Your browser is no longer supported

For the best possible experience using our website we recommend you upgrade to a newer version or another browser.

Your browser appears to have cookies disabled. For the best experience of this website, please enable cookies in your browser

We'll assume we have your consent to use cookies, for example so you won't need to log in each time you visit our site.
Learn more

Hidden power

Engineers face particular challenges for London's new power cables.

London's latest underground railway will be an overhead monorail running 20km on a northsouth alignment, with vertical 'stations' every 3km.

Trains will travel at 10km/hr at a depth of 20-30m, carrying a maximum of three people each.

It is easily guessed that this is not some addition to the Tube network. Instead it is the latest power cable tunnel in the city and at 3m internal diameter much the biggest built so far, although the future could bring even longer versions.

'The trains will only carry maintenance engineers, ' explains David Whittaker, project manager for designer Brown & Root. ' They are needed because the distance between shafts is too great for unassisted evacuation within the 30 minute safety limit.'

The small cars, made by German firm Scharf, will also have automatic monitoring systems on board to allow unmanned cable inspections. 'It keeps man entry to a minimum, ' adds principal engineer Michael Francis.

Brown & Root has notched up 30km of experience on power tunnels for London Electricity, with the largest so far a 10km Wimbledon to Putney link of 2.6m diameter. Such tunnels have environmental and social benefits in reducing overhead line and are more secure.

But they are expensive. The new £200M, 20km tunnel will run from Elstree to St John's Wood.

Client this time is the National Grid Company (NGC), spending £45M on civils and M&E.

Tunnel parameters are set by the cable requirements. 'And that means heat extraction, ' Whittaker says. The power line will be three 200mm diameter cables carrying a three phase 400kV link. At full capacity it will generate a huge amount of heat - even more when a planned second line is installed later. Fan cooling ventilation means shafts every 3km and dictates the diameter. Even then the maximum temperature will rise to 50degreesC.

The design team has worked on the cable type with NGC and is using cross-ply polyester insulation. 'It has only been used to 132kV before although higher voltages have been used abroad, ' says Whittaker.

Normally a cable of this power would use oil bathed paper layer insulation. But these cables need special joints where the oil bath is sealed from the next length and the tunnel must have a wider chamber to accommodate the joint. 'You must allow for expansion and topping up, ' explains Francis.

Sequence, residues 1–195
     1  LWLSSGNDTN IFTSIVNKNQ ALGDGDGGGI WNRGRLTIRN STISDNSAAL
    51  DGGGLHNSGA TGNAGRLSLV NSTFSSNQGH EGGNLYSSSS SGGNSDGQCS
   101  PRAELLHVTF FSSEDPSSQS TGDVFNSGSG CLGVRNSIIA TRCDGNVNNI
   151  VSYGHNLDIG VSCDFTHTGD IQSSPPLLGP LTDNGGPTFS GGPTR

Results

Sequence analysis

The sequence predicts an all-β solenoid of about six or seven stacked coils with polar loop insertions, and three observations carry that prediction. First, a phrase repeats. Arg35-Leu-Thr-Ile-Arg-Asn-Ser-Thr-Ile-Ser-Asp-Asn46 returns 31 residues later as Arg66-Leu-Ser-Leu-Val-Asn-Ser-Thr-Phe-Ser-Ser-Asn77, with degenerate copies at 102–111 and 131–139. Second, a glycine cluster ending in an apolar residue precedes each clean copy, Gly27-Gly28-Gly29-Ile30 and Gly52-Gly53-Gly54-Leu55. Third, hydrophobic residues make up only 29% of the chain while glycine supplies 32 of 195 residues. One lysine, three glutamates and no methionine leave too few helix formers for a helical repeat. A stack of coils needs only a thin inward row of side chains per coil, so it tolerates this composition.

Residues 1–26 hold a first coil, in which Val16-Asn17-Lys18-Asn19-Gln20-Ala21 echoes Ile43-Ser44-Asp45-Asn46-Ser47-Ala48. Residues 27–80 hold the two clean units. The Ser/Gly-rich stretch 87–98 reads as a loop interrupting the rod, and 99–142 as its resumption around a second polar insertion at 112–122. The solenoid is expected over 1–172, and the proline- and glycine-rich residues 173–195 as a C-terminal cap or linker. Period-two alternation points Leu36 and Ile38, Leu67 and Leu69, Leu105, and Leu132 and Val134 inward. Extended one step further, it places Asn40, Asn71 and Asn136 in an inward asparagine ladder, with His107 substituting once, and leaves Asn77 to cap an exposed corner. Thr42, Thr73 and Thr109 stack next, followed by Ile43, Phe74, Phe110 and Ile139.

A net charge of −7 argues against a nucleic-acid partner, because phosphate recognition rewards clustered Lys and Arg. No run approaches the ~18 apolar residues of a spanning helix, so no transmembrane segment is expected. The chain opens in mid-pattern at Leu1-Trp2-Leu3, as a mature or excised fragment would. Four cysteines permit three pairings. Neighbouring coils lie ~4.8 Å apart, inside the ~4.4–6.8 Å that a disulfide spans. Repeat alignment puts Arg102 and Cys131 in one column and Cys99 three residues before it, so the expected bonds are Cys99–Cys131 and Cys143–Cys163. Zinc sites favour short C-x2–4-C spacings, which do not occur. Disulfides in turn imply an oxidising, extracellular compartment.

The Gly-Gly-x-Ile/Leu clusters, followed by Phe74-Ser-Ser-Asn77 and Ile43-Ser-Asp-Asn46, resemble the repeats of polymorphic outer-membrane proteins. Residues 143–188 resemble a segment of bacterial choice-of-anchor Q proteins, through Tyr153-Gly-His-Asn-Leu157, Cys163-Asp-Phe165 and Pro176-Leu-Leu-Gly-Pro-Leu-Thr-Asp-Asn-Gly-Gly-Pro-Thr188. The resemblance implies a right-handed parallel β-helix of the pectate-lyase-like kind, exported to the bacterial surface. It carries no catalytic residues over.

There is design provision to revert to oil bath insulation if the new cable type proves less durable than hoped.

The second design constraint is whole life costing. Inspection and man entry is expensive so maintenance is kept down with as few working components inside as possible.

Radio links will use a passive feeder rather than active boosters and there will be no internal lighting and so no bulbs to change. Automated train inspection and telemetric heat incident detection will monitor cables.

Above ground locations must be found for the shafts in a busy city, and until the locations were finalised the tunnel alignment could not be settled. Each shaft requires an M&E building at ground level and each meant exploring for options and gaining permissions. Brown & Root is planning and environmental consultant as well as designer and supervising engineer.

Green belt restrictions have applied in two shaft positions and one chosen site will be in a park disguised as a pavilion.

Another will be in a sports centre, the result of a planning trade with the local council.

Alignment has also been affected by the clutter of services at the south end of the route where Tube trains, water pipes gas lines and even unrecorded government 'obstacles' are encountered. The last section is mainly beneath road too, as allowed by the Streetworks Act, and together these factors mean tight curves.

'For most of the route we have a 200m minimum radius, but under the road it is 50m, ' says Whittaker. The Lovat tunnel boring machine backup train must be reduced for the tight curves so this section is being driven last by contractor Murphy which was awarded the work in January. Three machines will make the drive, two out of the mid point shaft which is in a railway goods yard at Cricklewood and one from Elstree. The tunnel is predominantly through London Clay and will have a precast concrete segment and key lining.

Have your say

You must sign in to make a comment

Please remember that the submission of any material is governed by our Terms and Conditions and by submitting material you confirm your agreement to these Terms and Conditions. Please note comments made online may also be published in the print edition of New Civil Engineer. Links may be included in your comments but HTML is not permitted.